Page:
Reality Check: Why does Israel Bonds still exist?

Established in 1951 by Ben-Gurion, the organization raised much-needed capital for the young Jewish state.

April 11, 2011 03:52
4 minute read.
DAVID BEN-GURION in the late ’60s. The plan, accor

ben gurion 311. (photo credit: R.M. Kneller)

As someone who’s traveled extensively at other people’s expense, including that of the Israeli taxpayer, and stayed at some particularly luxurious hotels, I suppose I have more in common with Prime Minister Binyamin Netanyahu than I would care to admit. And yes, I’ve even used a hotel’s drycleaning service (one shirt), for which the German government picked up the tab.

But were the details of these trips ever to face the same scrutiny as those of the prime minister, I like to think I would not share the embarrassment felt by Netanyahu, and not just because you wouldn’t find any bills for pedicures.

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This isn’t because I don’t enjoy the good things in life – I had a memorable single malt whiskey and Cuban cigar in a five-star hotel the Foreign Ministry booked for me in Sydney during a lecture tour of Australia and New Zealand – but because the rules governing these trips were very simple.

The hosts, be it the Israeli government, a foreign government or whoever, made it clear what they were paying for; any extra expenses (particularly single malts and cigars) were on me; the trip was approved beforehand by my employers; and, much to their regret, no members of my family came along.

When somebody else is paying the bill, it’s very easy to get used to a luxury lifestyle and begin to regard it as a natural right, and not an occasional perk. We saw this in Netanyahu’s defense of his expensive travel arrangements, when he argued: “There is a standard for trips. The standard for previous prime ministers and previous presidents is acceptable, and is no different from Clinton or Blair. Others did not fly charter or stay at youth hostels.”

I wonder what Netanyahu made of the news that British Prime Minister David Cameron took his wife on a two-day vacation to Spain last week at what was described as a “mid-market hotel” to celebrate her 40th birthday, flying with easyJet, where you pay extra per suitcase and food costs. There are daily easyJet flights from Tel Aviv to London, but somehow I just can’t see Bibi whisking Sara away for a romantic break in the UK capital via this no-frills firm.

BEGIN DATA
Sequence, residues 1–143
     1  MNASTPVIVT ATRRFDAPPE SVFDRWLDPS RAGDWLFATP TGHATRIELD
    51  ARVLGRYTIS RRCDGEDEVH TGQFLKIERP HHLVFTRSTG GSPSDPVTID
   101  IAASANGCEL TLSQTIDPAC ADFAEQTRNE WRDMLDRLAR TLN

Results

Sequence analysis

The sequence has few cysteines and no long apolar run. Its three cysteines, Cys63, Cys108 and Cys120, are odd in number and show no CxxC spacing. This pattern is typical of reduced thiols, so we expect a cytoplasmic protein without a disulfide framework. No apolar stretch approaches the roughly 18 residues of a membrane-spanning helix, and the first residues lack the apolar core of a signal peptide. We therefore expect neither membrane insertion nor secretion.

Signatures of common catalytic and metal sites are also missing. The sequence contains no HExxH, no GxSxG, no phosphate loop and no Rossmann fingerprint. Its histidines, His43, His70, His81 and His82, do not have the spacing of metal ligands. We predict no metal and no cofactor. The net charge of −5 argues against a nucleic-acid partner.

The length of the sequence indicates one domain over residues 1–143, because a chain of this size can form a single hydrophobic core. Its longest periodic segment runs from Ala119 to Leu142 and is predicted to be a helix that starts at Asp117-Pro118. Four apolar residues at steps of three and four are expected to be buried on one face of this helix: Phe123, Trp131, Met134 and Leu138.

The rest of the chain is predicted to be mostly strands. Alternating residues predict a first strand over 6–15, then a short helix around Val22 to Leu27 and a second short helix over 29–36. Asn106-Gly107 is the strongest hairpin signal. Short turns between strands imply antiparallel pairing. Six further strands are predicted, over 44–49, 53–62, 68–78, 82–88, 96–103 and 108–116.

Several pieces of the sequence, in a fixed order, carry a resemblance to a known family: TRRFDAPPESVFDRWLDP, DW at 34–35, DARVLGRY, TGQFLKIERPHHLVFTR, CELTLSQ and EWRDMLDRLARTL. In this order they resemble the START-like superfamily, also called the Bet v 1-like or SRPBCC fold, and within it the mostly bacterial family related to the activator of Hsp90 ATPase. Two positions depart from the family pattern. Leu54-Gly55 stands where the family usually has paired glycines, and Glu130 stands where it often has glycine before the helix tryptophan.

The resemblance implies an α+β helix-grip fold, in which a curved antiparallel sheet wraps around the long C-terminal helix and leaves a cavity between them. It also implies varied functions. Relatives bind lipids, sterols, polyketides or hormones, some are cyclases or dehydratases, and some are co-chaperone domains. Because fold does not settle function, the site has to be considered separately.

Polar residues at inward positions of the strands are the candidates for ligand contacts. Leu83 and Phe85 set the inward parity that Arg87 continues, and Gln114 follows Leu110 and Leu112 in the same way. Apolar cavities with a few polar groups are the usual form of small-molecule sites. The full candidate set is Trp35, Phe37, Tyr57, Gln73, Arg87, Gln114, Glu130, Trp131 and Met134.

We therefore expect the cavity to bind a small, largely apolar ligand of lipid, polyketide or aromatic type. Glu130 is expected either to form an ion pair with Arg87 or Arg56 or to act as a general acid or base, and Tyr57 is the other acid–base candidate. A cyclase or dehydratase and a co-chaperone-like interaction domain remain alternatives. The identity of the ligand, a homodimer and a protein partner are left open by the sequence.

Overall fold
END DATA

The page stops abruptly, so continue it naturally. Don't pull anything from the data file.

BUT THE issue is not so much Netanyahu’s extravagant travel demands and insistence that his wife accompany him everywhere he goes – this is something to which we’ve grown accustomed and reluctantly have to accept as part of the Netanyahu package.

The question is whether the prime minister accepted improper funding for his foreign trips; here, his defense that “everybody was doing it” will not be enough to spare him from the state comptroller’s censure and, if reports of double-dipping for the same flight are accurate, a criminal investigation à la Olmert.

Netanyahu, though, is not the only villain in this piece. The Israel Bonds organization, which seems to act as an exclusive travel agent for the prime minister and his family, as well as a series of other high-ranking Israeli politicians, is also in need of some careful scrutiny.

In fact, as Kadima MK and former finance minister Meir Sheetrit has advocated, the organization should simply be disbanded. This is not because it wastes thousands of dollars annually flying our political leaders around the world to address Jewish audiences in attractive locations, providing them with top hotels, limousines and gourmet meals at fancy restaurants, but because today there is simply no need for the Bonds to exist.

Established in 1951 by David Ben-Gurion, the Israel Bonds raised much-needed capital for the young Jewish state at a time when commercial banks were unwilling to provide loans, except at exorbitant rates of interest. But what was true more than half a century ago is no longer the case.

The fact is, we’re no longer short of foreign capital.

Currently the Bank of Israel is holding $70 billion in foreign currency reserves, which makes the $1.2b. a year the Israel Bonds brings in – at a much higher cost than simply raising capital in the international markets – a negligible achievement.

And as Sheetrit points out, the argument that Israel Bonds helps strengthen the relationship between Diaspora Jews and Israel is also spurious. Due to the attractive interest rates offered by the Bonds, the majority of its purchasers are American pension funds and banks, not world Jewry.

It seems the Israel Bonds leadership, headed by former Likud minister Yehoshua Matza (the latest in a long line of political appointments) knows very well why it invests so heavily in making sure prominent Knesset members and ministers have such a good time when traveling on a Bonds mission.

Just as turkeys don’t vote for Christmas, Israeli politicians are in no rush to close down an institution that provides them with luxury travel and the chance of a cushy job once their political career is over, even though the organization can no longer justify its existence on economic grounds.

The writer is a former editor-in-chief of The Jerusalem Post.

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